time to visit us."
"Wal, thet sure 'pears to be so," rejoined Stillwell. "Stewart got in
trouble down heah to-day, an' I'm more than sorry to hev to tell you
thet your name figgered in it. But I couldn't blame him, fer I sure
would hev done the same myself."
"That so?" queried Alfred, laughing. "Well, tell us about it."
Madeline simply gazed at her brother, and, though he seemed amused at
her consternation, there was mortification in his face.
It required no great perspicuity, Madeline thought, to see that
Stillwell loved to talk, and the way he squared himself and spread his
huge hands over his knees suggested that he meant to do this opportunity
"Miss Majesty, I reckon, bein' as you're in the West now, thet you must
take things as they come, an' mind each thing a little less than the one
before. If we old fellers hedn't been thet way we'd never hev lasted.
"Last night wasn't particular bad, ratin' with some other nights lately.
There wasn't much doin'. But, I had a hard knock. Yesterday when we
started in with a bunch of cattle I sent one of my cowboys, Danny Mains,
along ahead, carryin' money I hed to pay off hands an' my bills, an' I
wanted thet money to get in town before dark. Wal, Danny was held up.
I don't distrust the lad. There's been strange Greasers in town lately,
an' mebbe they knew about the money comin'.
"Wal, when I arrived with the cattle I was some put to it to make ends
meet. An' to-day I wasn't in no angelic humor. When I hed my business
all done I went around pokin' my nose beak an' there, tryin' to get
scent of thet money. An' I happened in at a hall we hev thet does duty
fer' jail an' hospital an' election-post an' what not. Wal, just then
it was doin' duty as a hospital. Last night was fiesta night--these
Greasers hev a fiesta every week or so--an' one Greaser who hed been bad
hurt was layin' in the hall, where he hed been fetched from the station.
Somebody hed sent off to Douglas fer a doctor, but be hedn't come yet.
I've hed some experience with gunshot wounds, an' I looked this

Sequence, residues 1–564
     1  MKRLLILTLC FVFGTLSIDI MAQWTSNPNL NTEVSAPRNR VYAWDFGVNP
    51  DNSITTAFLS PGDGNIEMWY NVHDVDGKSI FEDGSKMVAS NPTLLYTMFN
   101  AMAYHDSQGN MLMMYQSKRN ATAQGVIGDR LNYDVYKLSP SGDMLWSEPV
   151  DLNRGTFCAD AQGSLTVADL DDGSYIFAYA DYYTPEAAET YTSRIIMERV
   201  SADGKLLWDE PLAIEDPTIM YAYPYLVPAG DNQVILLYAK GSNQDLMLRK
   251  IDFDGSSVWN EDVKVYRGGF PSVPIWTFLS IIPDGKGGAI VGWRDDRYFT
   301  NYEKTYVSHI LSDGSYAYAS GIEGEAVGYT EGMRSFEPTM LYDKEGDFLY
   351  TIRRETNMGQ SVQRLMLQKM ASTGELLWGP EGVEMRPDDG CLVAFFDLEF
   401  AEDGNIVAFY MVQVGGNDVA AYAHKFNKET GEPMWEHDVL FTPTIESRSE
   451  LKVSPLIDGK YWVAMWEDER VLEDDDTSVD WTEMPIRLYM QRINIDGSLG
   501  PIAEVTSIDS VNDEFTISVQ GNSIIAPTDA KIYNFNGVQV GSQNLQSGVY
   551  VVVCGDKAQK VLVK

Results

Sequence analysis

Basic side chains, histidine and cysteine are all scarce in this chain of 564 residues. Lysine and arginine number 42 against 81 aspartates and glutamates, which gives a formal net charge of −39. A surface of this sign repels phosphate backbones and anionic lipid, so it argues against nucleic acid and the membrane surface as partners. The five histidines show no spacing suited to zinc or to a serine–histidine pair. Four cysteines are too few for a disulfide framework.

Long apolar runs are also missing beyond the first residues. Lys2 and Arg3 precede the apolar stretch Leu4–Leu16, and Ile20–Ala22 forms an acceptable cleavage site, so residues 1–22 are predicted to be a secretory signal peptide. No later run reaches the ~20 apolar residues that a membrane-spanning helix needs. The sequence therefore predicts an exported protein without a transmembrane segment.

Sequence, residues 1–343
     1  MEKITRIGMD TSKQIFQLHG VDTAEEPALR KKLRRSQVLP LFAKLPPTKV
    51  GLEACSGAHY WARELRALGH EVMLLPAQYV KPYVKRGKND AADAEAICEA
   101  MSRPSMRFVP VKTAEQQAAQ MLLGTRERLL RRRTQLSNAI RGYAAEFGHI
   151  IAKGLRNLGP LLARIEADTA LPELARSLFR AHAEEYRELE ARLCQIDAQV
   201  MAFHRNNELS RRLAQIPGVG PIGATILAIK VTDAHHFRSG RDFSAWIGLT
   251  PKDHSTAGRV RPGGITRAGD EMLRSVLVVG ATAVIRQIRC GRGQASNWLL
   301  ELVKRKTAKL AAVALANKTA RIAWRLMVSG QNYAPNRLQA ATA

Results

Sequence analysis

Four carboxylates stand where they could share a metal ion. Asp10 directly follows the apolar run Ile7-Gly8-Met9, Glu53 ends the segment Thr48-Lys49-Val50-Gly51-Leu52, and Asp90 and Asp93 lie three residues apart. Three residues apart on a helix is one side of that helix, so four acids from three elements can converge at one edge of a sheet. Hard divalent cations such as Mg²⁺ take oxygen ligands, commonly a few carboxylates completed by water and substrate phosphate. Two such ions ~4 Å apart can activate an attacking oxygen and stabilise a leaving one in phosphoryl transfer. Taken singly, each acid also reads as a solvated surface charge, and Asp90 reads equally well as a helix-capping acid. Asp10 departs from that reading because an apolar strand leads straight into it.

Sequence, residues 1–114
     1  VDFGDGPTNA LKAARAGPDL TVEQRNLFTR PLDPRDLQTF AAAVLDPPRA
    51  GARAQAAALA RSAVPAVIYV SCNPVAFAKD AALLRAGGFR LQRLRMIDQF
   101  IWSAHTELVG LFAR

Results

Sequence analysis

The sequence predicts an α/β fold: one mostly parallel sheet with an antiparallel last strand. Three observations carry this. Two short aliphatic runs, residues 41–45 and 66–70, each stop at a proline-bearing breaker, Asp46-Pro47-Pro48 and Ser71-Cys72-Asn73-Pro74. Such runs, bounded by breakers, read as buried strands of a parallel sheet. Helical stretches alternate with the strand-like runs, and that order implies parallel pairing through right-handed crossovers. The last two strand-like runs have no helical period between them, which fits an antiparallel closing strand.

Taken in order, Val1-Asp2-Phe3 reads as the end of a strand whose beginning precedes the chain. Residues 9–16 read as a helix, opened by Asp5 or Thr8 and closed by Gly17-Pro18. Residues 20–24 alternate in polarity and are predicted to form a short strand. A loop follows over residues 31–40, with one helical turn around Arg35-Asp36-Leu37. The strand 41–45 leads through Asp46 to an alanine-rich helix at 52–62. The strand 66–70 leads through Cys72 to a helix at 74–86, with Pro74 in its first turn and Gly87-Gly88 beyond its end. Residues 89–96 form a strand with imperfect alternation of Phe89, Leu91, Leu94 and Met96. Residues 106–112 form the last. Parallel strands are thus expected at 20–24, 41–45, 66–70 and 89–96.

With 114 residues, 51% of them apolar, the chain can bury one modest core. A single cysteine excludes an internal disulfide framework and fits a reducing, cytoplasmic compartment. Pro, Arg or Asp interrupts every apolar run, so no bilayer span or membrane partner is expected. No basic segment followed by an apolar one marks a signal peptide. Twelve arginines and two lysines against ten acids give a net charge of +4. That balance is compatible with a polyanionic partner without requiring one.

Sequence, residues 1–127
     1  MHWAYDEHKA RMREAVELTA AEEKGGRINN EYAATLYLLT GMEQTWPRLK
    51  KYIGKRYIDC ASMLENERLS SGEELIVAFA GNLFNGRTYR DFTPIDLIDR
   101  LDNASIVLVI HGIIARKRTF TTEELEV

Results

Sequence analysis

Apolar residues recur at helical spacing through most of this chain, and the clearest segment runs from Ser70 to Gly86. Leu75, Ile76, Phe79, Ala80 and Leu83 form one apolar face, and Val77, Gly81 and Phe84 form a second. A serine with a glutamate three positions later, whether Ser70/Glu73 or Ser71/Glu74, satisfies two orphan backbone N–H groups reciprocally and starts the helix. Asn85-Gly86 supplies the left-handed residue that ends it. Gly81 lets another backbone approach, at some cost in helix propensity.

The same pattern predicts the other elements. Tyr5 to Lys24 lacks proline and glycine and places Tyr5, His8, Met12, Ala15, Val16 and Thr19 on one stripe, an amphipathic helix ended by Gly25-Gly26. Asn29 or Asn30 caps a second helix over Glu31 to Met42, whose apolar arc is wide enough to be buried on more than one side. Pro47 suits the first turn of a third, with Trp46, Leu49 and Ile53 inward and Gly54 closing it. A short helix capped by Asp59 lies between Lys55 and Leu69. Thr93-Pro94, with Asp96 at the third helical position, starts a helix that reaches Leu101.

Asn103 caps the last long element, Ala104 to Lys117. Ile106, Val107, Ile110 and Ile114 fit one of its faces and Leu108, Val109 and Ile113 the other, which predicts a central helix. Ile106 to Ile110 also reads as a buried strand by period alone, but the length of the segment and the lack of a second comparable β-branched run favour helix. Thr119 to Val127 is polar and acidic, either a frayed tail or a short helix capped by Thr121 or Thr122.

feller over. He wasn't shot up much, but I thought there was danger of
blood-poison-in'. Anyway, I did all I could.
"The hall was full of cowboys, ranchers, Greasers, miners, an' town
folks, along with some strangers. I was about to get started up this way
when Pat Hawe come in.
"Pat he's the sheriff. I reckon, Miss Majesty, thet sheriffs are new to
you, an' fer sake of the West I'll explain to you thet we don't hev many
of the real thing any more. Garrett, who killed Billy the Kid an' was
killed himself near a year or so ago--he was the kind of sheriff thet
helps to make a self-respectin' country. But this Pat Hawe--wal, I
reckon there's no good in me sayin' what I think of him. He come into
the hall, an' he was roarin' about things. He was goin' to arrest Danny
Mains on sight. Wal, I jest polite-like told Pat thet the money was mine
an' he needn't get riled about it. An' if I wanted to trail the thief
I reckon I could do it as well as anybody. Pat howled thet law was law,
an' he was goin' to lay down the law. Sure it 'peared to me thet Pat was
daid set to arrest the first man he could find excuse to.
"Then he cooled down a bit an' was askin' questions about the wounded
Greaser when Gene Stewart come in. Whenever Pat an' Gene come together
it reminds me of the early days back in the 'seventies. Jest naturally
everybody shut up. Fer Pat hates Gene, an' I reckon Gene ain't very
sweet on Pat. They're jest natural foes in the first place, an' then the
course of events here in El Cajon has been aggravatin'.
"'Hello, Stewart! You're the feller I'm lookin' fer,' said Pat.
"Stewart eyed him an' said, mighty cool an' sarcastic, 'Hawe, you look a
good deal fer me when I'm hittin' up the dust the other way.'
"Pat went red at thet, but he held in. 'Say, Stewart, you-all think a
lot of thet roan horse of yourn, with the aristocratic name?'
"'I reckon I do,' replied Gene, shortly.
"'Wal, where is he?'
"'Thet's none of your business, Hawe.'
"'Oho! it ain't, hey? Wal, I guess I can make it my business. Stewart,